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Eternal champion Taurasi draws motivation from her only defeat
TENERIFE (FIBA Women's Basketball World Cup 2018) - On the eve of the summit in Tenerife, it will be 12 years since the USA last lost a game at the FIBA Women's Basketball World Cup.
Diana Taurasi remembers it all too well.
In fact, it may be a stretch, but it feels like much of the motivation to go and win everything there is to win in women's basketball came from a single game. Because it helped her get something - that ferociousness she has kept on showing, day in and day out, in her 14-year-long professional career.
"My biggest asset is a really strong mentality, I just think that we're going in to the tournament to win," the 36-year-old said before flying in for her fourth appearance at the Women's World Cup. "You know, I've been on the other side of it, where we've lost, and it was a terrible feeling. I want to make sure if there's anything I bring it's that mentality. Win at all cost."
“We're definitely excited for the World Cup. We always say as players that this is the hardest tournament.”
The "other side of it" came on September 21, 2006. It was the Semi-Finals, Russia had everything going right for them, while USA struggled to even do the basic stuff and couldn't prevent an upset. Taurasi fired in a team-high 21 points on the night, but shot just 7-of-20 from the field in a 75-68 defeat.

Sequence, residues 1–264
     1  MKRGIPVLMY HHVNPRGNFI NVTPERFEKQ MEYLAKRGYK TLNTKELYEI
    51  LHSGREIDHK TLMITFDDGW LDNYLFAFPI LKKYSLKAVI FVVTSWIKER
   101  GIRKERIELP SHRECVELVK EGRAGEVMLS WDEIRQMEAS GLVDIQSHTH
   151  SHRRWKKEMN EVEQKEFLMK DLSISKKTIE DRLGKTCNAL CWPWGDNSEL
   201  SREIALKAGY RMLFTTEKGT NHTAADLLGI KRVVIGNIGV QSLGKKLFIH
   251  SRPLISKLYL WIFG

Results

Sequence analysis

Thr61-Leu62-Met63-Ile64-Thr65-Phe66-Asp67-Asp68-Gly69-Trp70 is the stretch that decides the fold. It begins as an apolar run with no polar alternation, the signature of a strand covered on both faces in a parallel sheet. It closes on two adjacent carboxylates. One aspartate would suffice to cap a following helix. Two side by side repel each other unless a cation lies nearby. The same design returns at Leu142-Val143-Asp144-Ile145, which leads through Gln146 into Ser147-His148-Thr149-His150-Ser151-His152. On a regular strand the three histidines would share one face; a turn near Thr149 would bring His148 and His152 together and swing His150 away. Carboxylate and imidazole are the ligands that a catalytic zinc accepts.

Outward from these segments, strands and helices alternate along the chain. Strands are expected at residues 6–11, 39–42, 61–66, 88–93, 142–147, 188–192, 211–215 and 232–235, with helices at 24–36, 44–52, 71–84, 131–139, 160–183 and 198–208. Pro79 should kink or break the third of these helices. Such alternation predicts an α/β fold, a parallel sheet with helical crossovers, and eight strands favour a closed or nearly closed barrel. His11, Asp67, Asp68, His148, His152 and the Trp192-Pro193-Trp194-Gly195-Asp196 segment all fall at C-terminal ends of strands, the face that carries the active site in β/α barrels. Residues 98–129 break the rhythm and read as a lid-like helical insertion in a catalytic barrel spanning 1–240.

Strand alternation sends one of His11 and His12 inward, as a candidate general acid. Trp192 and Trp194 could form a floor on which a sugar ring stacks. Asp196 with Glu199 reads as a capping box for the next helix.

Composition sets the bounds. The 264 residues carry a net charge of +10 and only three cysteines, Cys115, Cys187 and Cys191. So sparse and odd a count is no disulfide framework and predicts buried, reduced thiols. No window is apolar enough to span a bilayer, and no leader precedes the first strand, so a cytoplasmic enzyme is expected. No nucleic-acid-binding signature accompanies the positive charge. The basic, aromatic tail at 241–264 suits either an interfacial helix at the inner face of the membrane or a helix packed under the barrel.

Now, 12 years later, she wants to make sure it doesn't happen again.
Taurasi and USA will be chasing their third straight title in the competition, something that has not been done since the days of the Soviet Union and their domination.
Team USA want their part of history of, as they say, "the hardest tournament."
"We're definitely excited for the World Cup. We always say as players that this is the hardest tournament, you have the most teams, obviously the best teams in the world, so it's always very competitive," she offered. "And being held in Spain, it's going to be one of those electric atmospheres."
However, with a loaded pool of talent and never-ending depth of the team, USA have an advantage on all the other teams because their team practices offer top-notch match-ups for all the players. It's like playing a strong friendly game twice a day, every day.
"Training is very rigorous I would say. You're going up against the best players in the world in each position, so everywhere you turn you are playing against the best. And we have a bunch of characters on our team," Taurasi laughed alongside Brittney Griner, claiming that Sue Bird is "the mom" of the group.
"Or is she the grandma of the group?" Taurasi asked and laughed.
All of which proves a point that is horrifying for everybody not named USA in Tenerife: the chemistry feels superb, the motivation is there and the fatigue of the WNBA season is not felt at all.
"At this point of my career, when you are 36... you kind of take it month by month. Right now, I'm just really focused on the World Cup. Being ready, physically, mentally, to give my best, and then I'll get together with USA Basketball and see if the future is there," Taurasi commented.
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Why not? Tokyo is just two years away, and she'll be 38 coming into the 2020 Summer Olympics. Perfect age not just to chase her fifth Olympic gold in a row... but also, to take the grandma of the group title away from Bird.